Purpose The therapeutic effect of systemic treatment for breast cancer (BC) generally depends on its intrinsic subtypes. In addition, tumor infiltrating lymphocytes (TILs) are considered to be an independent factor for tumor shrinkage and disease prognosis. High TILs at baseline or after primary systemic chemotherapy are reported to be associated with better survival in triple-negative or human epithelial growth factor receptor 2 (HER2)-positive BCs. However, the prognostic value of TILs in estrogen receptor (ER)-positive and HER2-negative (ER+/HER2−) BC is still controversial. Methods We assessed TIL score (low, intermediate, and high) before and after primary systemic chemotherapy in every subtype of BC, and compared the clinical outcomes. Biopsy specimens of 47 triple-negative, 58 HER2+ and 91 ER+/HER2− BCs were used to assess TILs before treatment. To assess TILs after treatment, we examined residual invasive carcinoma in surgically resected samples of 28 triple-negative, 30 HER2+ and 80 ER+/HER2− BCs. Results A high TIL score in triple-negative BC before treatment resulted in a significantly higher proportion of pathological complete response (pCR). In contrast, ER+/HER2− BC exhibited fewer instances of pCR than other subtypes. Although not statistically significant, ER+/HER2− cases with a high TIL score also tended to achieve pCR ( p = 0.088). Moreover,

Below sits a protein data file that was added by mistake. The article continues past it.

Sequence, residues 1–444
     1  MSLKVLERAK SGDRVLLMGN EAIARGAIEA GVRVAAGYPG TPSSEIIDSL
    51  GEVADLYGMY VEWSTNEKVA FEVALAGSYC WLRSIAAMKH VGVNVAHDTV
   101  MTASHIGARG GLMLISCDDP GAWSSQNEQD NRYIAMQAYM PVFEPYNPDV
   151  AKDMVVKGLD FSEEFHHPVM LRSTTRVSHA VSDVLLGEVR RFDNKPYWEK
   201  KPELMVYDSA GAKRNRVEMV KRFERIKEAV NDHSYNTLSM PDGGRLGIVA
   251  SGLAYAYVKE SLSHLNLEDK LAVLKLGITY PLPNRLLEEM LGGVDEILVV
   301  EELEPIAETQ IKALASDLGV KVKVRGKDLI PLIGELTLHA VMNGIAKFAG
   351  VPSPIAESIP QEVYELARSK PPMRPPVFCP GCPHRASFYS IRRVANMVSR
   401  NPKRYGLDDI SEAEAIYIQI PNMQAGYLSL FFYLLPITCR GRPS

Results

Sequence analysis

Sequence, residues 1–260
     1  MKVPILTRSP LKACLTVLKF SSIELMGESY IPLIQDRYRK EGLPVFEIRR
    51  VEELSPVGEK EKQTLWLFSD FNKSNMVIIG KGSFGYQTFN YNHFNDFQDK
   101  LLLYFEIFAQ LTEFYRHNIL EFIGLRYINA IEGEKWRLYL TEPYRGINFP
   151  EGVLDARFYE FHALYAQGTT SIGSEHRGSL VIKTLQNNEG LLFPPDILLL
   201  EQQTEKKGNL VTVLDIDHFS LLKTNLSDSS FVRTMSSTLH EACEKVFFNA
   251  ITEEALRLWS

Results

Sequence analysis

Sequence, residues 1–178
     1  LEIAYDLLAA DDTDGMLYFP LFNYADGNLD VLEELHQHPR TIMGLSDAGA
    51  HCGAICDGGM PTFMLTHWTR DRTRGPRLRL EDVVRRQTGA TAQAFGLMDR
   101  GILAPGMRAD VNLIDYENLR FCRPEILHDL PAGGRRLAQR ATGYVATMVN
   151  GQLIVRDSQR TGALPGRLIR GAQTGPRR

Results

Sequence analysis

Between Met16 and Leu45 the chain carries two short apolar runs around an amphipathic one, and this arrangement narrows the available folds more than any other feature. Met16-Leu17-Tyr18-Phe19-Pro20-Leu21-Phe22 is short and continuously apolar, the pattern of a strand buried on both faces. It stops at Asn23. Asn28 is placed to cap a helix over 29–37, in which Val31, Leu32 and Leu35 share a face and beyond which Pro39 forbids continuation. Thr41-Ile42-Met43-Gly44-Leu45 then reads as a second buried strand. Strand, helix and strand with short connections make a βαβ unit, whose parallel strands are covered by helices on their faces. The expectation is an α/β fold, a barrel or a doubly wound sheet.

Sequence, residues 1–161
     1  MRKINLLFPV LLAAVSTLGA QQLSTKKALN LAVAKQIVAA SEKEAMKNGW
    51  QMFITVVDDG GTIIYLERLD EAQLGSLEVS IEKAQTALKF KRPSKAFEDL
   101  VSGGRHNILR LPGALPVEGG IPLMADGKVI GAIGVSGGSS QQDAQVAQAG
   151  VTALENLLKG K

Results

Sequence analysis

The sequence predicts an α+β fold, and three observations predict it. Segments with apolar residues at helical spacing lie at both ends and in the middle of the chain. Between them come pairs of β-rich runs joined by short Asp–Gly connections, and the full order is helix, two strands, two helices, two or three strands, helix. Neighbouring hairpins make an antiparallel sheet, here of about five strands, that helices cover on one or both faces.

Breast Cancer Research and Treatment – Springer Journals
Published: Nov 22, 2017
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